July 16th, 2017
by Brian Walker, Greg Walker and Chance Browne
In this episode, Hi Flagston outsmarts Mr. Foofram’s new “super brain” computer. Or was it just a lucky guess?
It’s hard to imagine with today’s mini-computers that these machines used to take up an entire room. The drawing in the last panel of the Sunday page above is certainly an exaggeration but isn’t too far from the truth.
The IBM 360 was the first in a series of mainframe computers designed to perform a complete set of functions for commercial and scientific applications. The original model could handle 34,500 calculations per second and had a memory range from 8 to 64 KB. The 360 was extremely successful and allowed customers to upgrade to more powerful systems as they became available.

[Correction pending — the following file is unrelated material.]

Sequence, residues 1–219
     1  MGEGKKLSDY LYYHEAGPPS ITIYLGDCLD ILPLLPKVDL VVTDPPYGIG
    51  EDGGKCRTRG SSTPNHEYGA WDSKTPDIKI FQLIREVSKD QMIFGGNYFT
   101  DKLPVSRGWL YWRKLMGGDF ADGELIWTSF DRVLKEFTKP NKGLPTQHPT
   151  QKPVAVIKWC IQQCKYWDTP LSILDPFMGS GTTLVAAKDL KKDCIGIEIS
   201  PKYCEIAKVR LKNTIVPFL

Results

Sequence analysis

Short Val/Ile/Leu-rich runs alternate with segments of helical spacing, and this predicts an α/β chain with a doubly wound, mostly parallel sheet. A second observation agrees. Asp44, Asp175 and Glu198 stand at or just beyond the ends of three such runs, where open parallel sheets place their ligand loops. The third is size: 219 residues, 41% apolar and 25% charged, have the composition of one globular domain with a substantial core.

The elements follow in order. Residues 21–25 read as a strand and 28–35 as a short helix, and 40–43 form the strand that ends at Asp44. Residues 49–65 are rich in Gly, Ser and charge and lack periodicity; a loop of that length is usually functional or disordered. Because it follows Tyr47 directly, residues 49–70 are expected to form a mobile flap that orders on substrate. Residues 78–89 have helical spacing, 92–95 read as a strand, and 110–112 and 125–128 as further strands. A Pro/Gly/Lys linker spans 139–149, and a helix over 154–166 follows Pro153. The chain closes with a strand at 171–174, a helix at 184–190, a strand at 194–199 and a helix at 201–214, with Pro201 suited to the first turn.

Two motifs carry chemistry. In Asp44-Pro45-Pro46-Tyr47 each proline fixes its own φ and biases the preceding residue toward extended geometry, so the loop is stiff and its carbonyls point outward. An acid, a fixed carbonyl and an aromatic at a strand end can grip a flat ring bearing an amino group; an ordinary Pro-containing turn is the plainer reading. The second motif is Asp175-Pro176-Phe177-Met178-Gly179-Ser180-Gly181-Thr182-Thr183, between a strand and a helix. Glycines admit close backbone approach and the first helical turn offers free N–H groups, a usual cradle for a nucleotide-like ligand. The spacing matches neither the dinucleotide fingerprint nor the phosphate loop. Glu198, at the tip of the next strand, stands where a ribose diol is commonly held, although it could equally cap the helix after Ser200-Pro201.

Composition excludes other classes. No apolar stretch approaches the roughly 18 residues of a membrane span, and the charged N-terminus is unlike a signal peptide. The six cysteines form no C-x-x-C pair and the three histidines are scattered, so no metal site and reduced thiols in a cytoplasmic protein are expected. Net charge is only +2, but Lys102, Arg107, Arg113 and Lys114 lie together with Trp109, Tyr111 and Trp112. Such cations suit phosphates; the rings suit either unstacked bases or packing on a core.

The 360 system used by NASA in the 1960s cost $3.5 million, had 64 KB of memory and operated at a speed of 0.043 MHz. By comparison, an iPhone 5 has 1.38 GHz of speed and 1 GB of RAM. In other words, the devices we carry around in our pockets are exponentially more powerful than the original mainframe computers of the 1960s.
Next week we will be featuring another classic Sunday page from 1966 in our Timeline series, so be sure to check back.
– Brian Walker
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